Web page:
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Treatment of “Collateral” Employees Under Retirement Plans

It is common for employers to contract with one or more third parties (sometimes referred to as “leasing companies”) to provide individuals to perform services for the employer. Various issues may arise regarding the treatment of such individuals under a retirement plan maintained by the employer.

Such individuals are not typically eligible to participate in the 401(k) or other retirement plan maintained by the employer. This is because plans commonly exclude from participation any individual who is not reported on the payroll records of the employer as a common-law employee.

This does not necessarily mean, however, that such individuals are excluded from the group of individuals that must be considered in determining whether the plan satisfies the Tax Code’s minimum participation and coverage requirements. Such individuals may fall into any one of several different categories.

If an individual is properly characterized as a common-law employee of the employer and would be deemed to have satisfied the plan’s age and service requirements for participation, he or she must be taken into account for purposes of coverage and participation testing.

The status of an individual as a common-law employee is determined based on a multiple factor test applied by the IRS and the courts. If an employer has the right to tell the individual what to do, how, when and where to do the job, the individual is likely a common-law employee.

If the individual is a common-law employee of the leasing company rather than of the plan sponsor, he or she is characterized as a “leased employee.” Leased employees must be taken into account under the plan sponsor’s plan for purposes of coverage and participation testing only if they have provided services to the plan sponsor on a substantially full-time basis for a period of one year or more. Although an individual will not be treated as a leased employee if the leasing company covers the individual under a retirement plan of its own meeting certain specific standards, this is rarely the case.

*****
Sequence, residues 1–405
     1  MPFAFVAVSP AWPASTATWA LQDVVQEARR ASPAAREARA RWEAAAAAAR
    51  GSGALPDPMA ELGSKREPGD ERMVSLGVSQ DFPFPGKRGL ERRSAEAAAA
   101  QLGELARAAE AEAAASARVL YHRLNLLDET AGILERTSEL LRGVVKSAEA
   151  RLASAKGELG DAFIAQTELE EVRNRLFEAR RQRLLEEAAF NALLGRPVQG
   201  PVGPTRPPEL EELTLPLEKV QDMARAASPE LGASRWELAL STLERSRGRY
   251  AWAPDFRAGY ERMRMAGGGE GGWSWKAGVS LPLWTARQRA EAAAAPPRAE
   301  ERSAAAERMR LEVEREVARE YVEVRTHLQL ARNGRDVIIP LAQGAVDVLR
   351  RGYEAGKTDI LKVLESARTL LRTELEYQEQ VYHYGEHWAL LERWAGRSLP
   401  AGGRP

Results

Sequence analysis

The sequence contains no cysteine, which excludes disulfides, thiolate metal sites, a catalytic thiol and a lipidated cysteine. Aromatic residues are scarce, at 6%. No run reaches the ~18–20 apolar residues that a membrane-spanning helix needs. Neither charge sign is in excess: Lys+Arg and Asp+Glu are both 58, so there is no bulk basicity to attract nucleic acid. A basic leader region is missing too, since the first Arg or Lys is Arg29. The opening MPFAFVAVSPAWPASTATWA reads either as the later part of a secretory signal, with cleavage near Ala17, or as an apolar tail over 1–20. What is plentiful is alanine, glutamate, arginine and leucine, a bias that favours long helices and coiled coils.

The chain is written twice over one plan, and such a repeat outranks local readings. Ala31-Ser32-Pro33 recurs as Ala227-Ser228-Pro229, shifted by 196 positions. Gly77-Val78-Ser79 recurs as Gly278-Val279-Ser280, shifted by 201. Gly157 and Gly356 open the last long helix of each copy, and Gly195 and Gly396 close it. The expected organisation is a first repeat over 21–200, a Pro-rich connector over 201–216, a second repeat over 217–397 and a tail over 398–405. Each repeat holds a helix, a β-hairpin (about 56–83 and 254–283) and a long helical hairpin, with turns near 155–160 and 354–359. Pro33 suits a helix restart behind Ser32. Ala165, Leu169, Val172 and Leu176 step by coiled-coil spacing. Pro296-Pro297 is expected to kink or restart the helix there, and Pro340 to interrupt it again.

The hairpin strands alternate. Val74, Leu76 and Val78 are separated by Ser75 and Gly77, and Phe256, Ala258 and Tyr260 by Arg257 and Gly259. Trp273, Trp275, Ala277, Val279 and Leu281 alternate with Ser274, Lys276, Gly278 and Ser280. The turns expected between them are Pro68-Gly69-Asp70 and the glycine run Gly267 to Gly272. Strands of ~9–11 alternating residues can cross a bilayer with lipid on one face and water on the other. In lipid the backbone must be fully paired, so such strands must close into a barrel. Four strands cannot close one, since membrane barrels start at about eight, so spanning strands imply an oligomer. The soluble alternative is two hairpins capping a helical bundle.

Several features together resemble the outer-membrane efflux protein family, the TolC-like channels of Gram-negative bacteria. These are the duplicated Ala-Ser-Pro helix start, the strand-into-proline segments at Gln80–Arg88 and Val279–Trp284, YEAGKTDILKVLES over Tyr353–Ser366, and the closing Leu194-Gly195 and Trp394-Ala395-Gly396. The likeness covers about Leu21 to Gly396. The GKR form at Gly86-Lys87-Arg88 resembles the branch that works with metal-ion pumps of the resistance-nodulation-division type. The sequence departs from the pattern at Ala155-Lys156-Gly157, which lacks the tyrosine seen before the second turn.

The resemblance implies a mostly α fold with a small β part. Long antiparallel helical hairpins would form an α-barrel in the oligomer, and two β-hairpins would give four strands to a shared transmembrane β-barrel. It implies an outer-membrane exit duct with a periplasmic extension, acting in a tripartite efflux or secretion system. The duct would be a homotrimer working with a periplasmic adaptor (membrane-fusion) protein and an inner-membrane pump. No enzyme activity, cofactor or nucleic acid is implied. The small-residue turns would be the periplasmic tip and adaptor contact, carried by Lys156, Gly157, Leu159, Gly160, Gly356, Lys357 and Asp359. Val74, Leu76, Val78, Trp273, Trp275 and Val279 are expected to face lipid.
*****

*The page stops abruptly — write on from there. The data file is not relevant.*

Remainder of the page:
Finally, an individual may be treated as a co-employee and treated for benefits purposes as an employee of the plan sponsor. This typically involves an arrangement with a professional employer organization (PEO) created to outsource certain payroll and other functions and to gain access to more economical health insurance plans. The retirement plan may be maintained either by the employer or by the PEO.

Most employers are aware that the employer and any other entity that is part of a “controlled group” with the employer, such as a subsidiary, are treated as a single employer for purposes of applying the retirement plan coverage and participation rules. It is less commonly understood that a controlled group may include foreign (non-U.S.) companies as well. Non-resident aliens with no U.S. source income are typically excluded from consideration for this purpose. This may eliminate most concerns about the need to consider employees of the foreign companies. It is important to note, however, that U.S. citizens or resident aliens working abroad, and non-resident aliens that do have U.S. source income, are not so excluded and must be taken into account for purposes of participation and coverage testing.

This blog post was drafted by Steve Rickles, an attorney in the Spencer Fane LLP Denver, CO office. For more information, visit spencerfane.com.